Goodreads Monday

December 3, 2018

Goodreads Monday

Goodreads Monday

Goodreads Monday is hosted by Lauren’s Page Turners and highlights a book from your Goodreads TBR that you’re looking forward to reading. I think this will be an excellent opportunity to motivate myself to read something that’s been on my Goodreads shelf for a long time. I currently have 105 books on my To Read shelf!

For Goodreads Monday, I’m chosing 84, Charing Cross Road by Helene Hanff from my TBR shelf. I placed it on my Goodreads shelf in August of 2017 (although it has been on my mental TBR list for years before that). I also placed it on my 2017 Spring TBR list, so it’s not like I’ve forgotten about it.

84 Charing Cross Road

Summary:

Published in 1970, 84, Charing Cross Road is a charming, classic love story. The book consists of correspondence between Helene Hanff, a freelance writer living in New York City, and a used book dealer in London. Although they never meet, they develop a warm friendship based on their common love for books. For many readers who love books about books, this story is a sentimental favorite.

Why did I put this book on my TBR shelf?

Why haven’t I read it yet?

  • Last spring I tried to obtain the e book online through Amazon. I guess because it’s an older title, it’s not available for Kindle. Since I am in the process of minimizing the amount of physical books I own, I didn’t want to purchase a hard copy and planned to get it through the library.
  • I went to the library and they didn’t have it in circulation. I knew I could probably have it sent to the branch but I was in a hurry that day and decided to come back (That didn’t work out so well because I obtain all my library books digitally through Overdrive/Libby and don’t actually visit the physical library.)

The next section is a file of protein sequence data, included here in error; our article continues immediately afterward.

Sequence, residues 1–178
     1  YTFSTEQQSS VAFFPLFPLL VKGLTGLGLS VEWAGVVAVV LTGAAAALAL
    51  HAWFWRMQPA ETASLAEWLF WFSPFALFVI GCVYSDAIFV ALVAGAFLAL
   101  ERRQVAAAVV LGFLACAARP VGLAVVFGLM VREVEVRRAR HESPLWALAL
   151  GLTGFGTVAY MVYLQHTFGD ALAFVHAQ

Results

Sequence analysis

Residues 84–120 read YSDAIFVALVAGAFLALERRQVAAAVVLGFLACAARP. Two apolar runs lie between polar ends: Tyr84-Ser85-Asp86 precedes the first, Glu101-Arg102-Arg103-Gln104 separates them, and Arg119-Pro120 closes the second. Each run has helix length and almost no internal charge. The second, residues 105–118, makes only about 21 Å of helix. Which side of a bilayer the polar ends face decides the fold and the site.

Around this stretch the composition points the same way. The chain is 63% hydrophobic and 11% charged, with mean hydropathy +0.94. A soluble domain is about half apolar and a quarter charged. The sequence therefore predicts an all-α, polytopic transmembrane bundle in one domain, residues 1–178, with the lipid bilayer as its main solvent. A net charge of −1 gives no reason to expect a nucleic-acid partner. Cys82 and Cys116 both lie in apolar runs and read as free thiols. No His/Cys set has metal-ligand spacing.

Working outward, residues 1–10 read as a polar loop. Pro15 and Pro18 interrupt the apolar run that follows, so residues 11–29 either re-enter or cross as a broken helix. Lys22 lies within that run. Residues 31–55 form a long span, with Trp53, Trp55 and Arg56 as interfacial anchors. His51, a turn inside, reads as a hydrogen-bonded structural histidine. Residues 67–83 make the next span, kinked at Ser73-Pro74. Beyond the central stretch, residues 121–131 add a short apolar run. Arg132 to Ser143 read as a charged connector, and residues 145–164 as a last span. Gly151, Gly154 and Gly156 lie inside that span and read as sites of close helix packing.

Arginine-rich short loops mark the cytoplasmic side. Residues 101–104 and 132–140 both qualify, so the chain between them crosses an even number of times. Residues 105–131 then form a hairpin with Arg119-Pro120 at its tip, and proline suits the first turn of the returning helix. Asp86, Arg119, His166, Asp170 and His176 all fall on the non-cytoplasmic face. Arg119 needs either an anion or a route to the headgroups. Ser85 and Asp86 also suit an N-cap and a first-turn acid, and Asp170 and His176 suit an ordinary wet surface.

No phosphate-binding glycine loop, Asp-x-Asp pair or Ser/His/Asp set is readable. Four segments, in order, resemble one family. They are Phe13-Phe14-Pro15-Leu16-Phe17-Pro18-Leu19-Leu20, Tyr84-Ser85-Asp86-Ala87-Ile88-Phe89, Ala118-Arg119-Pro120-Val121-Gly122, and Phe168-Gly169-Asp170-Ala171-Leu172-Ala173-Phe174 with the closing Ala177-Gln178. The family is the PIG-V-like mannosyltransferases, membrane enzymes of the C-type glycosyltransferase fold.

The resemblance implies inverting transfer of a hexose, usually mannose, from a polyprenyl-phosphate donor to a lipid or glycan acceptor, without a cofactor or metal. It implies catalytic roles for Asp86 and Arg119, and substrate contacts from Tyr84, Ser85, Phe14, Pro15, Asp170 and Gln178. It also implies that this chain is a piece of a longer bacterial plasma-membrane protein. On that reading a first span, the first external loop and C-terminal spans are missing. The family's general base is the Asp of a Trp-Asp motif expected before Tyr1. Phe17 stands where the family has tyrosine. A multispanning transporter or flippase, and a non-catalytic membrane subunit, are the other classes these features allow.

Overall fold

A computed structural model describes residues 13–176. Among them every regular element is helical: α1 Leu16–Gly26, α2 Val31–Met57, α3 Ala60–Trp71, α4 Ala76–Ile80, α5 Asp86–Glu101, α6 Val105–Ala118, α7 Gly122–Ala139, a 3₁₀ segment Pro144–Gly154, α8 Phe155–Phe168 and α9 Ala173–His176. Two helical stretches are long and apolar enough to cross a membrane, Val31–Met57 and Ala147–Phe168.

• I went to Barnes and Noble to purchase a gift for someone and remembered that I wanted to look for this book, but they didn’t have it in stock. They offered to get it in but I hesitated because I still feel conflicted about buying physical books since I’ve converted exclusively to Kindle.
  • I am greatly distracted by new releases!
  • That’s my sad story of why this book is languishing on my TBR shelf!

Action Plan

  • Go back to the library and wait for it to be sent to my branch.
  • Break down and buy a physical copy. I think that if I buy a copy I could do a giveaway here!


So, now I’m accountable to YOU, dear reader!

By the way, are we friends on Goodreads ?



Looking Ahead:

My library hold of Dear Mrs. Bird came in, so I hope to have that review ready Friday.



Let’s Discuss:

Please let me know in comments if you’ve read 84, Charing Cross Road.

Which book have you had on your TBR list for the longest?



***Blogs posts may contain affiliate links. This means that at no extra cost to you, I can earn a small percentage of your purchase price. This money will be used to offset the costs of running a blog and to sponsor giveaways, etc.

Unless explicitly stated that they are free, all books that I review have been purchased by me or borrowed from the library.

Book Cover and author photo are credited to Amazon or an author’s (or publisher’s) website.

Review: Becoming Mrs. Lewis

October 19, 2018

Becoming Mrs. Lewis by Patti Callahan

 

Becoming Mrs Lewis

Genre/Categories: Historical Fiction, Biographical, Romance, Christian

Summary:

Struggling with an unhappy marriage, her writing career and health, and matters of faith, Joy Davidman begins writing to well-known author, C.S. Lewis (Jack). Joy and Jack are both writers and poets and experience a robust and heartfelt correspondence through which they develop a warm and intellectual friendship. Soon, Joy takes a break from her unpredictable, angry, drunken husband and travels to England in hopes of restoring her health, finding inspiration for her writing projects, and meeting C.S. “Jack” Lewis. After spending time with Jack and enjoying a mutual fondness, Joy begins to realize her growing love for him. Despite a lack of personal financial resources and continuing heartbreak over her circumstances, Joy finds the courage to risk it all and the voice to end her marriage and move permanently to England. Through her great friendship with Lewis she finds enduring love, a trusted friend and confidant, and a true writing partner. During this time in history (50s), Joy’s independence and decisions regarding her marriage and children were most likely questioned. In addition, Jack received critism for his involvement with a divorced woman. However, we know that Jack called her “my whole world” and upon her death he wrote his popular “A Grief Observed.” In this biographical historical fiction you will be treated to a poignant love story along with beautiful descriptions of England and bookish references.